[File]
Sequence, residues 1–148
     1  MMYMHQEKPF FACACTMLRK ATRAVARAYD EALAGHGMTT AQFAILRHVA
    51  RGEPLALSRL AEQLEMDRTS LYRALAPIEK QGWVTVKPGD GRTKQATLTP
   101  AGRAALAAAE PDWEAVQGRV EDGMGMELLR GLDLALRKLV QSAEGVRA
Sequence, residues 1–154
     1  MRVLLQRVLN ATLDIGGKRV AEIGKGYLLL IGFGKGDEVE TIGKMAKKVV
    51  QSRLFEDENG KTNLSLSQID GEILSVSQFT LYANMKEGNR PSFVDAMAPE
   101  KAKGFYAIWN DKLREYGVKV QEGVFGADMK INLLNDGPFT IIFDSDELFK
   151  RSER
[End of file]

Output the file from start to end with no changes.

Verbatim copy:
Sequence, residues 1–148
     1  MMYMHQEKPF FACACTMLRK ATRAVARAYD EALAGHGMTT AQFAILRHVA
    51  RGEPLALSRL AEQLEMDRTS LYRALAPIEK QGWVTVKPGD GRTKQATLTP
   101  AGRAALAAAE PDWEAVQGRV EDGMGMELLR GLDLALRKLV QSAEGVRA
Sequence, residues 1–154
     1  MRVLLQRVLN ATLDIGGKRV AEIGKGYLLL IGFGKGDEVE TIGKMAKKVV
    51  QSRLFEDENG KTNLSLSQID GEILSVSQFT LYANMKEGNR PSFVDAMAPE
   101  KAKGFYAIWN DKLREYGVKV QEGVFGADMK INLLNDGPFT IIFDSDELFK
   151  RSER